Miles to go before I sleep…

I know so little about poetry that I needed Google to even recall that the phrase above is from a Robert Frost poem. Needless to say, this isn’t a post about poetry. Rather, it’s a post about why I’ve been so bad about posting anything over the past quarter or so!

Back in September, I posted about a crazy effort to undo eight pounds of weight gain in eight days, the efforts of an evil imitation projector bulb to foil this plan by burning out before I’d reached my goal, and how my Samsung Series 5 550 Chromebook saved me by sitting perfectly on top of our elliptical machine:

I conveniently failed to provide actual data on my weight, noting only that I was *way* too heavy and definitely into the realm of obesity. So this time, I’ll confess to actual numbers; I hope that sharing this will motivate me not to return to my old weight, at least not too quickly. Unless Google serves some really nice dessert! Which it… often does.

I knew I’d gotten at least somewhat heavier, but it wasn’t until I got the scale back out after Valerie and the kids left for Toronto that I realized just how heavy I was – 204.6 pounds. And that was even my weight after doing some moderate exercise, meaning my real fully hydrated weight was probably even higher. I just couldn’t ignore this, so I set aside the plans I’d made for the time the family was in Toronto, and focused on making the biggest dent I could in the 8 days that I had.

Though I hit what I set out to do in that limited time, even with all the physical exertion I wasn’t delusional enough to think that 196.6 pounds is even a remotely healthy weight for my height. So from the outset, I had a second more modest phase of the plan – to trim another 30 pounds off over the 24 weeks following the trip. This seemed like it should be easier – but in many ways it was harder. This post is about what happened, and some things that worked for me. Though I should note that many of these things are the opposite of good practices, and are probably pretty stupid…

1.  Get A Good Scale

At the outset of all this fun, I had a lousy scale from Costco. I say “lousy”, because despite showing +/- 0.2 lb increments, it would really fluctuate by a pound or so between readings. I bought this scale from Amazon, the “Eatsmart Precision Plus Digital Bathroom Scale”, on account of the excellent ratings that it had from other shoppers (photo from the manufacturer):


All in all it’s a really nice simple scale that seems quite accurate and makes it much easier to meaningful measure changes. Having said that, my body weight fluctuates very significantly throughout the day, as I’m sure is the case for most people, so it’s pretty important to measure yourself under consistent conditions. On the final day of Phase 2, there was a 5 lb difference between my pre and post exercise weight!

2.  Find Some Entertainment

Some people actually enjoy exercise. Now, I enjoy sports like badminton or tennis that you can play with friends. I even enjoyed tumbling down the ski hill with my vastly more accomplished Google colleagues. But I pretty much despise doing exercise for the sake of exercise. So much so that I’m very good at procrastinating or avoiding exercise, hence steady weight gain despite having all the necessary equipment at home. The only thing that enabled me to stick it out over a half year or so was availability of entertainment – and a boatload of luck.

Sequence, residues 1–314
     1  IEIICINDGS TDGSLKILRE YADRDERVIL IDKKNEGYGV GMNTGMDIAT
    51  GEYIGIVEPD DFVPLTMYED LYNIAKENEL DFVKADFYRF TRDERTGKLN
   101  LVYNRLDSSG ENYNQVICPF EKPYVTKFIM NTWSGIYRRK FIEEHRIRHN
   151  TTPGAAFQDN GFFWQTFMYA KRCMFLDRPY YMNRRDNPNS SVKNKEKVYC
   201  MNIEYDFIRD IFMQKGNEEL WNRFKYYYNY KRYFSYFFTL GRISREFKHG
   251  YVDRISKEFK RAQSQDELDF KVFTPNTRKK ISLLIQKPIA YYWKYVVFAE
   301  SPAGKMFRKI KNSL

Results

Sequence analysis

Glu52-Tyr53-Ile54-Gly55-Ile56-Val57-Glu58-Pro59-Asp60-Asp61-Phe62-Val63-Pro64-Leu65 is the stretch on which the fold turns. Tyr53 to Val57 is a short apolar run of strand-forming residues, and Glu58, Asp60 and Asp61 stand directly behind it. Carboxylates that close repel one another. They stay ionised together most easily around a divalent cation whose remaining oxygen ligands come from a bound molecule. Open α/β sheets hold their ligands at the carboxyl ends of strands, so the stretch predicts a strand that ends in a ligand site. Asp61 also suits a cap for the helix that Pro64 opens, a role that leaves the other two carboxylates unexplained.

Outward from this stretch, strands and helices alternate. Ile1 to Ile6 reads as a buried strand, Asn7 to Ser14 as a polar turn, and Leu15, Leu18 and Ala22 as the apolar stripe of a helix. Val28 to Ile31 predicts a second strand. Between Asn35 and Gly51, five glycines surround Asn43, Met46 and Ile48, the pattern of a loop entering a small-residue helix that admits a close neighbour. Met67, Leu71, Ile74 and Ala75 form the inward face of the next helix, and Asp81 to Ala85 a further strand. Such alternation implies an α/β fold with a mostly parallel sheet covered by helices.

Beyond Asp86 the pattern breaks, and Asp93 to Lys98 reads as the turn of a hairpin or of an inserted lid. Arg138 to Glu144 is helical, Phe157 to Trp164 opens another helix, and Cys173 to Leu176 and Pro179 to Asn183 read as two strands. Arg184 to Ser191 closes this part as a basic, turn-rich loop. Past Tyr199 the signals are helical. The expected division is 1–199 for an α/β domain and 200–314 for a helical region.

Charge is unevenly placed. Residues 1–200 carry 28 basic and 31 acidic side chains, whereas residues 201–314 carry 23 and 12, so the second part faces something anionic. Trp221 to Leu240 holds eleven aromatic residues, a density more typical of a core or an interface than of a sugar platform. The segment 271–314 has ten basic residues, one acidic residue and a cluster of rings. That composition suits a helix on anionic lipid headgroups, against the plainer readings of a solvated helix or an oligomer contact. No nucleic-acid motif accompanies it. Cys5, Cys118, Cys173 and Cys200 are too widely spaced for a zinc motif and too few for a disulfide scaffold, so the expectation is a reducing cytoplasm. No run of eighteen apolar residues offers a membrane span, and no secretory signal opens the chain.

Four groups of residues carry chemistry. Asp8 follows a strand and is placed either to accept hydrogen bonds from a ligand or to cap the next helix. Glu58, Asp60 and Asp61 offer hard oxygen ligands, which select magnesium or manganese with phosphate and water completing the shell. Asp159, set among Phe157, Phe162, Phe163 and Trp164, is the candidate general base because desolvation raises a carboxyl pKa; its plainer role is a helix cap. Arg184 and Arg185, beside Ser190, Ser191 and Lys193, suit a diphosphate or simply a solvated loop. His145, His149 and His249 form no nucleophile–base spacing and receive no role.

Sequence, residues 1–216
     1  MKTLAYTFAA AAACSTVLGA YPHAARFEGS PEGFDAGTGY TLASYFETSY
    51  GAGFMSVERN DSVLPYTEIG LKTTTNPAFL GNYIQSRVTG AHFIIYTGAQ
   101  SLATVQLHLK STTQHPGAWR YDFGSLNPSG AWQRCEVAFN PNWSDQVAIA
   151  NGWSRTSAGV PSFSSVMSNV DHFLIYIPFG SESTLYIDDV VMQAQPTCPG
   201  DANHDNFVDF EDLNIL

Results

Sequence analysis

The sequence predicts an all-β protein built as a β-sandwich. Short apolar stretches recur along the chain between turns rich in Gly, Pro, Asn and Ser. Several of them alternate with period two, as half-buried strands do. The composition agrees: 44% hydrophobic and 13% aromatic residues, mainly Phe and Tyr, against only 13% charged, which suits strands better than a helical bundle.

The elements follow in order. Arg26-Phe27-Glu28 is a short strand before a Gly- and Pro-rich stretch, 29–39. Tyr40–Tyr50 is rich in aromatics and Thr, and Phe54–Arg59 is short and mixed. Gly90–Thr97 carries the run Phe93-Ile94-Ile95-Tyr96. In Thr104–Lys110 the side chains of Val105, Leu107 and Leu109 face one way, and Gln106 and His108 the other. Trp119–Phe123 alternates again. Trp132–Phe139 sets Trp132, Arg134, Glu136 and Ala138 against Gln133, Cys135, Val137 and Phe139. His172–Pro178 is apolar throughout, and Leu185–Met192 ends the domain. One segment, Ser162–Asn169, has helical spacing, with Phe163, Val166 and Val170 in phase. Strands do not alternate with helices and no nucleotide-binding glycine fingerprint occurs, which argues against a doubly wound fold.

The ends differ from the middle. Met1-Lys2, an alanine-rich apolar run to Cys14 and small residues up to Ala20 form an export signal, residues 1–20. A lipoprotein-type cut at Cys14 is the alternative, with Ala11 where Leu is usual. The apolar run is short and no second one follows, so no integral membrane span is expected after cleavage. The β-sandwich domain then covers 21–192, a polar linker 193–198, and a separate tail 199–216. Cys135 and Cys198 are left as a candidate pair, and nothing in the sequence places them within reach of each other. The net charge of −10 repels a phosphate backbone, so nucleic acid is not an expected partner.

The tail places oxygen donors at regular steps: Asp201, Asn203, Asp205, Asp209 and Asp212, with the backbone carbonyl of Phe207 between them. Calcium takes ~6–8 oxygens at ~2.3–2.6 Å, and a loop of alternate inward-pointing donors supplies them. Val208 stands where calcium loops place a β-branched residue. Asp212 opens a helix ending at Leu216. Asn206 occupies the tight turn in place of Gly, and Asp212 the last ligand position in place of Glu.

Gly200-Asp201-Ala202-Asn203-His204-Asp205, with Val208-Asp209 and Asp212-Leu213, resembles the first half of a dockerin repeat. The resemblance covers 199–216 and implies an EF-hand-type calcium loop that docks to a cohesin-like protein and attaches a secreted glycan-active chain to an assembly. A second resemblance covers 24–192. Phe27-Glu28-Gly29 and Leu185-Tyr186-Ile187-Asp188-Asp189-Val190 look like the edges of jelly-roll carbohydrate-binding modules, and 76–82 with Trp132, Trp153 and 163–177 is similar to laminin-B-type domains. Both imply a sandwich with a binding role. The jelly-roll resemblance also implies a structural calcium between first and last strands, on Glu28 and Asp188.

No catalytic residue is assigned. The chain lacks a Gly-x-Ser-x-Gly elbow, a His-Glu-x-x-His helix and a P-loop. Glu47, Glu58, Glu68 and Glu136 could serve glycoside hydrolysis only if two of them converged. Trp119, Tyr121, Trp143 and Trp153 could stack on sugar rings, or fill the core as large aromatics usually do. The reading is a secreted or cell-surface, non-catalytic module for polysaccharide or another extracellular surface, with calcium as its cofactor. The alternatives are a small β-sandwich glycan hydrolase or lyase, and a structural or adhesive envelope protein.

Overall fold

The first part of that luck was in having a perfect setup – both in having the space in our home for a nice setup, and being lucky enough with my current and past jobs to be able to afford some decent exercise and entertainment gear. It would have taken much more willpower to do this in our Toronto condo, where I would have had to wrap up by 11:30pm each evening, while watching cable TV programs often picked by someone else in the exercise room. And while the Chromebook sufficed in a pinch, a projector really is perfect for an exercise set up if you can arrange it – because with the screen being far away, even if you’re bobbing up and down, the image stays nice and stable (because your viewing angle doesn’t change much on a faraway screen). On a laptop with a TN LCD panel, there’s actually huge color and contrast shifts as you bounce around!

The second part of that luck is living in a time where an entire world of high quality entertainment is available on demand. Being a cable cutter didn’t even remotely impede me from finding a couple hundred hours of high quality content that got me through things. I split off some comments on what exactly I watched into a separate post I’ll share a little later.

3.  Plans & Feedback

The heavier you are, the easier it is to lose weight; every action you take requires more energy, and consequently, you burn more energy in a given period of time. If walking home was worth 250 calories at the outset of my efforts, it was only worth 210 calories towards the end.

This seems minor, but it’s much more pronounced than it seems. That’s because you are burning less energy in everything you do throughout the entire day; as your physical condition improves, you might be able to keep up a 700 cal/hr activity for an hour or two, but what you naturally burn in the remaining 22 hours of the day will fall as your weight does. While it’s certainly not a linear relationship, it was definitely true for me that it took more exercise per week at a relatively constant food intake level as I reduced my weight.

I anticipated this issue in advance, so my plan was to lose 12 lbs in the first 8 weeks, 10 lbs during the next 8, and to finish with a relatively modest 8 lb loss in the final 8 weeks. While this worked early on, I just wasn’t keeping up with my self-imposed targets by the middle of the program. Which is where the next important thing came in: feedback.